By Christy Jordan-Fenton, Margaret Pokiak-Fenton. 2011
10-year-old Margaret Pokiak can hardly contain her excitement - it's been two years since her parents delivered her to the… school run by the dark-cloaked nuns and brothers. But Margaret soon realizes that she's an outsider in the Arctic - she's forgotten the language and stories of her people, and she can't even stomach the food her mother prepares. As she struggles to reclaim her way of life, she discovers how important it is to remain true to the ways of her people - and to herself. Sequel to "Fatty legs". Grades 4-7. 2011.
By Joseph Bruchac. 1994
In the 1830s, parents in the Lakota Sioux tribe gave their children childhood names like Runny Nose and Hungry Mouth.… Later when the child had grown and proven himself, he earned a new name. Returns Again named his boy Slow because he never did anything quickly. Slow hated his name and tried hard to earn a better one. At fourteen, Slow had a chance to show his bravery. Grades K-3. 1998, c1994.
By Wab Kinew. 2015
When his father was given a diagnosis of terminal cancer, Winnipeg broadcaster and musician Wab Kinew decided to spend a… year reconnecting with the accomplished but distant aboriginal man who’d raised him. “The Reason You Walk” spans that 2012 year, chronicling painful moments in the past and celebrating renewed hopes and dreams for the future. As Kinew revisits his own childhood in Winnipeg and on a reserve in Northern Ontario, he learns more about his father's traumatic childhood at residential school. Bestseller. Winner of the 2016 McNally Robinson Book of the Year Award. 2015.
By Herb Belcourt. 2006
Belcourt traces his ancestry directly to a French-Canadian voyageur and his Cree-Métis wife who lived in Ruperts Land after 1800.… The eldest of ten children, Belcourt grew up in a small log home near Lac Ste. Anne during the Depression. When Belcourt left home at 15 to become a labourer in coal mines and sawmills, his father told him to save his money so he could work for himself, and over the next three decades, Belcourt began a number of small Alberta businesses that prospered and eventually enabled him to make significant contributions to the Métis community. 2006.
These tales of bravery, courage, and decisive action in times of terrible conflict are the stories of heroes. Although the… lives of the Native chiefs and famous Métis were often tinged with sadness and loss, they were also an inspiration. Jam-packed with adventures and battles, these tales ultimately tell of the negotiations, broken promises, and harsh realities of the changing face of the West. 2003.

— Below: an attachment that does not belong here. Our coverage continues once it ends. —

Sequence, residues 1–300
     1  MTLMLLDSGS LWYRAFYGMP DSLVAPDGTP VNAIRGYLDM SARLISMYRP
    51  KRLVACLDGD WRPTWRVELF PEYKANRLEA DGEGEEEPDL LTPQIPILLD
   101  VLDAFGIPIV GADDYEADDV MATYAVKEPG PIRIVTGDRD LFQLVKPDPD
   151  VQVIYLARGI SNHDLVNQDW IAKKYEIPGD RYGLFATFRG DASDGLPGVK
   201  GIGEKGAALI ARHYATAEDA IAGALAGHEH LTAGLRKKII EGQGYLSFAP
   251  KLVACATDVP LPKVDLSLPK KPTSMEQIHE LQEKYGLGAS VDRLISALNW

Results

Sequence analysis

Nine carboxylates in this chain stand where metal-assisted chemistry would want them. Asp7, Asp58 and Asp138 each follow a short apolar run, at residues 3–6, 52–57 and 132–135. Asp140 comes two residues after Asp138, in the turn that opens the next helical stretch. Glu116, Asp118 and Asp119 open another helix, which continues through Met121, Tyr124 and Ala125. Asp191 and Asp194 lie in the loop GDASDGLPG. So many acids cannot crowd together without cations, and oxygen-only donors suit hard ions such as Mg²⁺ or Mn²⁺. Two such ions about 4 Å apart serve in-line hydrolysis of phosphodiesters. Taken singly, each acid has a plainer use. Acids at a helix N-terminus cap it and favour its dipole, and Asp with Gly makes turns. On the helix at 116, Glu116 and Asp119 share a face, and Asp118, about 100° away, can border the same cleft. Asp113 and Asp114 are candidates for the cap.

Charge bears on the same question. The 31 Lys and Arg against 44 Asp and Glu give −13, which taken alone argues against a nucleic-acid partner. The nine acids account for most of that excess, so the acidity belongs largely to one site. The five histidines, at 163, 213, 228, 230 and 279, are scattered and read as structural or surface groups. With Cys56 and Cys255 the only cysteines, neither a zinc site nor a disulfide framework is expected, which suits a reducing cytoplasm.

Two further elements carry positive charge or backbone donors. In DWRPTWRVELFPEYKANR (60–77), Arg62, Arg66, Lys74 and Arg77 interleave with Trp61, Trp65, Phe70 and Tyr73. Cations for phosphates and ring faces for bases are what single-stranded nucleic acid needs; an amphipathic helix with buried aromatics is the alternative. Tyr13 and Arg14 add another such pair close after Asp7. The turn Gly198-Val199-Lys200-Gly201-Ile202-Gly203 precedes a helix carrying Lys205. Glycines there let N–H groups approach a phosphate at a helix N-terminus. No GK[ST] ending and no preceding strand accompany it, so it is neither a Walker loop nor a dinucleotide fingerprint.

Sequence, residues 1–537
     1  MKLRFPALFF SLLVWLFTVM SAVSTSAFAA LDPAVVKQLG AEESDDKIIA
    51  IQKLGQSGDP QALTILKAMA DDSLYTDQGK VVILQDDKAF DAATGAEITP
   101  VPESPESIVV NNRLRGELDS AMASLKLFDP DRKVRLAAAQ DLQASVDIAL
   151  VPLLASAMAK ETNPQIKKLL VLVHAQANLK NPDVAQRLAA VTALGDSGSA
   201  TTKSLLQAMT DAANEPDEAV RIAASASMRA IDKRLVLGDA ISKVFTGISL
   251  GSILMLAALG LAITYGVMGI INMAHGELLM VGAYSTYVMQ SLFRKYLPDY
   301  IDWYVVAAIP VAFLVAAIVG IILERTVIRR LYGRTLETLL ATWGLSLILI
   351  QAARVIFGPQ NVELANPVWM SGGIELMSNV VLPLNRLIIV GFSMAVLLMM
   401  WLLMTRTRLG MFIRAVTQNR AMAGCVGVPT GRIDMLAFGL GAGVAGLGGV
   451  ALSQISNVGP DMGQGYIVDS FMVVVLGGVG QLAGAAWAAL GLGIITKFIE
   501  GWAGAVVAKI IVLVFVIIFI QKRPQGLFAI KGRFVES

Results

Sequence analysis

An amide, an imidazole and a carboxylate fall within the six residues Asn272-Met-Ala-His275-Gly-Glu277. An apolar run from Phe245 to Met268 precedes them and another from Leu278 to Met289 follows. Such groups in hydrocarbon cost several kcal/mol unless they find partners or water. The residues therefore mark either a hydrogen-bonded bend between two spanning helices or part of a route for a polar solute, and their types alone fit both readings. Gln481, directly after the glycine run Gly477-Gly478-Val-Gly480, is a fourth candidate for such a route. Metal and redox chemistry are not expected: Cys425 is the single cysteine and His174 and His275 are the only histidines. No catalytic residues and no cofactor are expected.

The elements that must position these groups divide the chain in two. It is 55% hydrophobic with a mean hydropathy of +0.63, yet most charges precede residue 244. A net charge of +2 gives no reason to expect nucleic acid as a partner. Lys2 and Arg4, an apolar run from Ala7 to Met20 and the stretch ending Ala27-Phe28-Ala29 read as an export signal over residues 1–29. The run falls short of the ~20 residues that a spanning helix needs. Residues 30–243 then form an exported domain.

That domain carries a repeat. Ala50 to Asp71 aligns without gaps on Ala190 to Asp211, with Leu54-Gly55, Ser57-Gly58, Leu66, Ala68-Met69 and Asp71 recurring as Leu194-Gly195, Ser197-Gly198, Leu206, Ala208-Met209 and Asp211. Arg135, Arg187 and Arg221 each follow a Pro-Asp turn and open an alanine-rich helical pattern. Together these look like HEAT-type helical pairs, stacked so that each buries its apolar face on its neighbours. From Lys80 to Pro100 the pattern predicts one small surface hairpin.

By Terese Marie Mailhot. 2018
Heart Berries is a powerful, poetic memoir of a woman's coming of age on the Seabird Island Indian Reservation in… the Pacific Northwest. Having survived a profoundly dysfunctional upbringing only to find herself hospitalized and facing a dual diagnosis of post traumatic stress disorder and bipolar II disorder; Terese Marie Mailhot is given a notebook and begins to write her way out of trauma. The triumphant result is Heart Berries, a memorial for Mailhot's mother, a social worker and activist who had a thing for prisoners; a story of reconciliation with her father--an abusive drunk and a brilliant artist--who was murdered under mysterious circumstances; and an elegy on how difficult it is to love someone while dragging the long shadows of shame. Mailhot trusts us to understand that memory isn't exact, but melded to imagination, pain, and what we can bring ourselves to accept. Her unique and at times unsettling voice graphically illustrates her mental state. As she writes, she discovers her own true voice, seizes control of her story, and, in so doing, re-establishes her connection to her family, to her people, and to her place in the world. Bestseller. 2018.
By Edmund Metatawabin, Alexandra Shimo. 2014
A powerful, raw memoir about the abuse former First Nations chief Edmund Metatawabin endured in residential school in the 1960s.… Even as Metatawabin built the trappings of a successful life, he was tormented by horrific memories. In seeking healing, Metatawabin travelled to southern Alberta. There he learned from elders, participated in native cultural training workshops that emphasize the holistic approach to personhood, and finally faced his alcoholism and PTSD. Now his mission is to help the next generation of residential school survivors. Bestseller. Winner of the 2015 Speaker's Book Award. c2014.
By Ali Cobby Eckermann. 2012
A memoir that, in bare blunt prose and piercingly lyrical verse, gives witness to the human cost of policies that… created the Stolen Generations of Indigenous people in Australia. It is a narrative of good and evil, terror and happiness, despair and courage. 2012.